The next round of testimony on the affair is to come Wednesday. Trudeau's longtime friend and former principal secretary Gerald Butts, whom Wilson-Raybould tagged as one of the sources of pressure on her, asked to speak to the committee after Wilson-Raybould testified. He's scheduled to appear at 10 a.m. ET.

The same afternoon, Privy Council clerk Michael Wernick and deputy minister of justice Nathalie Drouin are to appear. Both have already testified but Wilson-Raybould said Wernick acted as Trudeau's emissary as part of the pressure campaign and that Drouin was a witness to some of it.

New Democrat MP Charlie Angus wrote to Trudeau himself on Monday, saying that Wernick's impartiality as the country's public servant had been irreparably compromised and Trudeau should seek his resignation.

Philpott has been widely seen as one of Trudeau's most capable ministers. As minister of health, she worked with Wilson-Raybould in legalizing medical assistance in dying. As minister of Indigenous services, she oversaw drastic reductions in the number of long-term advisories on water safety on First Nations reserves.

She was moved to Treasury Board in mid-January in the same shuffle that saw Wilson-Raybould moved out of the justice portfolio into veterans affairs. Treasury Board is a less-visible ministry concerned with the nuts and bolts of government operations but the president effectively holds the government's purse strings, overseeing all federal spending. Philpott took over the post from Scott Brison, who retired from politics.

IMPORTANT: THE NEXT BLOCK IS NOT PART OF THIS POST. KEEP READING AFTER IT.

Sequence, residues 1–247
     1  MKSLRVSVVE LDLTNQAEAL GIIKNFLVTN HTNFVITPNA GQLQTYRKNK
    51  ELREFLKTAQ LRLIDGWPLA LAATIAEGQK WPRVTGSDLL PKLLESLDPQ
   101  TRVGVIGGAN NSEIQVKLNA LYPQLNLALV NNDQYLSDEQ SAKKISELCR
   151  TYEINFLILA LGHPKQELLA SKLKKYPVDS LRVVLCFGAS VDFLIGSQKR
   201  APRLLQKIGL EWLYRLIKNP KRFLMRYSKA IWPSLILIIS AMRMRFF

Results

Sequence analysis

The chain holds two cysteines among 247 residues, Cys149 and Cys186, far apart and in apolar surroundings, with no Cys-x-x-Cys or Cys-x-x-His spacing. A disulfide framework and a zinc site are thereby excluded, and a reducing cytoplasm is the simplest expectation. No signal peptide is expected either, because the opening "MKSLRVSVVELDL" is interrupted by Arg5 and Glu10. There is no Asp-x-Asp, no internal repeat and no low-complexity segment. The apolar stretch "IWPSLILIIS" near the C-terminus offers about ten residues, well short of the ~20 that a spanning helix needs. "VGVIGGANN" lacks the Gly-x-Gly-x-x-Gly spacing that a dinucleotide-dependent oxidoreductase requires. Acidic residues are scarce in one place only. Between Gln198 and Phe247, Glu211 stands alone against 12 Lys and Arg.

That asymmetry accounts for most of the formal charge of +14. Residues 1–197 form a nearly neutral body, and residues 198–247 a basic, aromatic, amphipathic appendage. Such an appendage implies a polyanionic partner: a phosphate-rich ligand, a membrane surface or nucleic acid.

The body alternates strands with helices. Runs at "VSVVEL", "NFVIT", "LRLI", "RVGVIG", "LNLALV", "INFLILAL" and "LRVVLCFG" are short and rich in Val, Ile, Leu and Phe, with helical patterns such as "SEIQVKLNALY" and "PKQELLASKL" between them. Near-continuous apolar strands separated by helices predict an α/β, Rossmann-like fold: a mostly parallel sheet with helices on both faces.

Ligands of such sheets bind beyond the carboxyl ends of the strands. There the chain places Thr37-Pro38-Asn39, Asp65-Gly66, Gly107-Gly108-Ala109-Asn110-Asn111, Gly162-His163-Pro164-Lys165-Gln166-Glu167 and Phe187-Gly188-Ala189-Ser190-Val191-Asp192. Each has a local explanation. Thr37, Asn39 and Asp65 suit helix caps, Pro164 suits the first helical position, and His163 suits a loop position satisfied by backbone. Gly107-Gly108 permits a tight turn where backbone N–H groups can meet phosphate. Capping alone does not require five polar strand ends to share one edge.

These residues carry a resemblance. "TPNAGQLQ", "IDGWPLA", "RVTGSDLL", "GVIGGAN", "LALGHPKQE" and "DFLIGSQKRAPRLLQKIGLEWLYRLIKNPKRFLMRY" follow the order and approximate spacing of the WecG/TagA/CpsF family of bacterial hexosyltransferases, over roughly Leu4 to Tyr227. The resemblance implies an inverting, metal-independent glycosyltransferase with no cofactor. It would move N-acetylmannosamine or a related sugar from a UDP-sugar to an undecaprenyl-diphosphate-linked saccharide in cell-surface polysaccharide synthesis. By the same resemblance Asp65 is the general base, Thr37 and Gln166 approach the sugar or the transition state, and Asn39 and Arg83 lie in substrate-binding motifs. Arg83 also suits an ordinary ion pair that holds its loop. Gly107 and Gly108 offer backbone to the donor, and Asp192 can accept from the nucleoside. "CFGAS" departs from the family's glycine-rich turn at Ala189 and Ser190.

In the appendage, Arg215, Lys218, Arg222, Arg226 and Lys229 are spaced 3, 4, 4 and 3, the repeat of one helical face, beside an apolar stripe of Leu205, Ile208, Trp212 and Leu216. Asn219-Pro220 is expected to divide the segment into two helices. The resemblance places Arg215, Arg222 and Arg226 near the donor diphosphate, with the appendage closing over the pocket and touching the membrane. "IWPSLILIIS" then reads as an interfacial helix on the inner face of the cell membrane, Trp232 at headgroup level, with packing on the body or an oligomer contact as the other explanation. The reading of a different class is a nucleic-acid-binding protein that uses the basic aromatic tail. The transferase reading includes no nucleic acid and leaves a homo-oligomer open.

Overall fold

In Victoria, Border Security Minister Bill Blair said he is "very saddened" by Philpott's resignation.

"Jane Philpott has done an outstanding job in all of her portfolios and served Canadians exceptionally well," he said, adding that he's pleased she intends to remain in the Liberal caucus.

Whether she will is not certain. Trudeau has been pondering whether Wilson-Raybould can stay in caucus and run as a Liberal candidate in this fall's federal election — a matter on which he said earlier Monday he's still reflecting. He will now presumably have to add Philpott to his ruminations.

Blair refused to speculate when asked if he thinks more ministers might yet resign. But he reiterated his own support for Trudeau and the government he leads.

"I have great confidence in the team and the leadership of the prime minister."

But Liberal backbencher Celina Caesar-Chavannes, who announced last week she won't seek re-election, tweeted her support for Philpott, as she has done repeatedly for Wilson-Raybould since the SNC-Lavalin controversy erupted a month ago.

"When you add women, please do not expect the status quo. Expect us to make correct decisions, stand for what is right and exit when values are compromised. Thank you @janephilpott for articulating this beautifully," Caesar-Chavannes wrote.